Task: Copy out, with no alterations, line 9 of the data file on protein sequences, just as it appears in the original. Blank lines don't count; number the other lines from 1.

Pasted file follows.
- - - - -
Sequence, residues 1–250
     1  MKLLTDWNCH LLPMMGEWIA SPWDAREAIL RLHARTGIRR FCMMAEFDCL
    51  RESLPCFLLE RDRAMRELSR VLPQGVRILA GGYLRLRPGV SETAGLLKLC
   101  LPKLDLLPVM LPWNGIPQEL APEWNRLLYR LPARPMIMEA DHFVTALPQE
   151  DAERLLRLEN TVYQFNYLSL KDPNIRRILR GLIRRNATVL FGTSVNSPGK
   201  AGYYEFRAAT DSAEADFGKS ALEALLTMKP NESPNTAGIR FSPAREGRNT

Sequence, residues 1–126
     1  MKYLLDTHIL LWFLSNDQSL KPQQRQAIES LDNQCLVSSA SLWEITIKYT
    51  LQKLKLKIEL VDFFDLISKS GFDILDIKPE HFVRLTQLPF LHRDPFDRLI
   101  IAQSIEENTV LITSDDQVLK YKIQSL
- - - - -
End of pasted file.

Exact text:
    51  LQKLKLKIEL VDFFDLISKS GFDILDIKPE HFVRLTQLPF LHRDPFDRLI